Qualitative data were expressed as sample size and percentage, and analysis of variables between gallstone disease was performed by chi-square test or rank-sum test. The association between blood pressure and gallstone disease was analyzed by univariable logistic regression. In addition, the multivariable logistic regression model was also used to further clarify the association between blood pressure and the risk of gallstone disease after adjusting for the factors of age, gender, BMI, total cholesterol, triglyceride, high-density lipoprotein, low-density lipoprotein, fasting blood glucose and MS. During the analysis, the subjects were first divided into hypertension and non-hypertension to study the association between hypertension and gallstone disease. Then, according to the severity of hypertension, they were divided into groups with normal blood pressure, high blood pressure, grade one, grade two, and grade three hypertensions, respectively [17] to explore the association between hypertension and the risk of gallstone disease and the dose–response relationship. Finally, we also investigate the association between gallstone disease and systolic hypertension and diastolic hypertension per 5 mmHg increase. The degree of association was estimated by odds ratio (OR) and 95% confidence interval (CI). SPSS version 23.0 was used for statistical analysis, and the significance was defined as a two-tailed P < 0.05.

Results

Demographic characteristics

A total of 318,403 cases were included, including 171,276 (53.8%) men and 147,127 (46.2%) women, with an average age was 43.9 ± 13.1 years. There were 69,372 (21.8%) patients diagnosed with hypertension and 22,106 (6.9%) with simple systolic hypertension (Table 1).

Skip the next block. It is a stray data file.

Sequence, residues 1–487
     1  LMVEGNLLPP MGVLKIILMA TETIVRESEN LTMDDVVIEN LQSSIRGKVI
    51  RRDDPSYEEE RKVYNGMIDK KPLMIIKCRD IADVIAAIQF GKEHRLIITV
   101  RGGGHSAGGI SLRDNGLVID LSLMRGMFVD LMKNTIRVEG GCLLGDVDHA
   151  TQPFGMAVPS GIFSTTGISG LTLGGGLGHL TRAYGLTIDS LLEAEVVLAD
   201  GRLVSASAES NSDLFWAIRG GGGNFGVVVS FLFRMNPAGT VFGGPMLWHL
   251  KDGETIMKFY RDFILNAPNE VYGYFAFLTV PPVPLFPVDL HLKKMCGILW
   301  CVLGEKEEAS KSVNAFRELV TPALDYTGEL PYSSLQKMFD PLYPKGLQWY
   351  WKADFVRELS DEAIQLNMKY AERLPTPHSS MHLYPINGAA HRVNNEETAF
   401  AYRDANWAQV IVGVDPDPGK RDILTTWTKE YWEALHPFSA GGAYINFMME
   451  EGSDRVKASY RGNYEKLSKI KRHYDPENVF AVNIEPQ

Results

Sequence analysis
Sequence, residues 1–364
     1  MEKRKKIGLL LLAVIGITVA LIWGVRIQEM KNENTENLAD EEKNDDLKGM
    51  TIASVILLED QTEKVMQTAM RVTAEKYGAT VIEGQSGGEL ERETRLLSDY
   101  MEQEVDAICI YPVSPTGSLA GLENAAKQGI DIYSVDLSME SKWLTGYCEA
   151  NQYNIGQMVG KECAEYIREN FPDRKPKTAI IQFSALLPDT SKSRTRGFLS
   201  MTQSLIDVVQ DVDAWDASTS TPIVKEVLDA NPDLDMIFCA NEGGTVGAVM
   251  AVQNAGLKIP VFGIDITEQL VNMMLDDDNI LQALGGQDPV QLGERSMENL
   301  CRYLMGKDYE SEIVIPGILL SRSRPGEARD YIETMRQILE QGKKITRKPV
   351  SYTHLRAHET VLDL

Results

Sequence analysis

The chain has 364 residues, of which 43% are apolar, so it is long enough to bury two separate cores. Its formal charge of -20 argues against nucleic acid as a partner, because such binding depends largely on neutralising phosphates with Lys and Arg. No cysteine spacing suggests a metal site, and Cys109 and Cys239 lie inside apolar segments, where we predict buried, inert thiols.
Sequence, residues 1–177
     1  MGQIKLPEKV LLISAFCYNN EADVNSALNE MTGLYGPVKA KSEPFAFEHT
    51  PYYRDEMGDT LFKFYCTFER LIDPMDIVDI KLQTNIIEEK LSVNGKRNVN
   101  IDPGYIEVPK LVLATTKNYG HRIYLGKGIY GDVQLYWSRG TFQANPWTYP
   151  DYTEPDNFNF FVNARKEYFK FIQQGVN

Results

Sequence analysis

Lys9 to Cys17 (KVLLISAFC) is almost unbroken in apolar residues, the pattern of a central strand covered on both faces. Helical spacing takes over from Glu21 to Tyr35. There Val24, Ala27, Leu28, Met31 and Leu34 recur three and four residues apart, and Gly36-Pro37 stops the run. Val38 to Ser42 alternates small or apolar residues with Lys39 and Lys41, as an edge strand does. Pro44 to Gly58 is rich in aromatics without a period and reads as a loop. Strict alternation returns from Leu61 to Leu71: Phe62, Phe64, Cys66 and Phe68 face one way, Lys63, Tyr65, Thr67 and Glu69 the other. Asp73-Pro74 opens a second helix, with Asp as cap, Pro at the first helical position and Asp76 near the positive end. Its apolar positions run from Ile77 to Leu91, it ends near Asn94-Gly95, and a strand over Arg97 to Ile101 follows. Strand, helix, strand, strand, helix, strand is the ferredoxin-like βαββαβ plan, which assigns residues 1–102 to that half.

Table 1 Basic demographic characteristics

Prevalence of gallstone disease

Among the participants receiving physical examination, 27,463 were diagnosed with gallstone disease with a prevalence rate of 8.6%. The prevalence of gallstone disease in men and women was 7.1% and 10.4% as per the demographic data. The prevalence of gallstone disease is increased with age, and reaches a peak in 80–90 years old, and then it gradually decreases (Fig. 1a). The prevalence of cholecystectomy was higher than that of gallstones in people aged above 40 years old. After stratified by gender, we found that the trend was consistent between men and women, but the fluctuation in women is greater than that of men (Fig. 1a). The prevalence of gallstones and cholecystectomy was 3.9% (N = 12,452) and 4.7% (N = 15,017), respectively. The trend in prevalence with age was similar between gallstones, cholecystectomy, and gallstone disease (Fig. 1b).

Fig. 1
figure 1

The trend of gallstone disease prevalence increased by age. a When stratified by gender; b when stratified by gallstone disease

The relationship between hypertension and gallstone disease

Univariable logistic analysis showed that hypertension was positively correlated with the risk of gallstones (OR = 1.81; 95% CI: 1.75–1.88; P < 0.001), cholecystectomy (OR = 1.82; 95% CI: 1.76–1.89; P < 0.001), and gallstone disease (OR = 1.87; 95% CI; 1.83–1.93; P < 0.001) (Table 2). Age, gender, BMI, total cholesterol, triglyceride, high-density lipoprotein, low-density lipoprotein, and fasting blood glucose were added to the model as covariates for further adjustment, and the results showed that hypertension was significantly associated with the risk of gallstone disease (OR = 1.05; 95% CI: 1.02–1.10; P = 0.03) and gallstones (OR = 1.12; 95% CI: 1.06–1.19; P < 0.01), but the correlation between hypertension and cholecystectomy (OR = 0.99; 95% CI: 0.95–1.04; P = 0.85) was not significant.

Table 2 Associations between hypertension and the gallstones, cholecystectomy, and gallstones disease

After stratified by gender, we found that hypertension was significantly associated with the risk of gallstone disease (OR = 1.10; 95% CI; 1.05–1.16; P < 0.01) and gallstones (OR = 1.22; 95% CI: 1.13–1.32; P < 0.01) in women, but it was not associated with the risk of cholecystectomy (OR = 1.02; 95% CI: 0.95–1.08; P = 0.63) (Table 2). In men, The association between hypertension and gallstone disease is not significant (Table 2).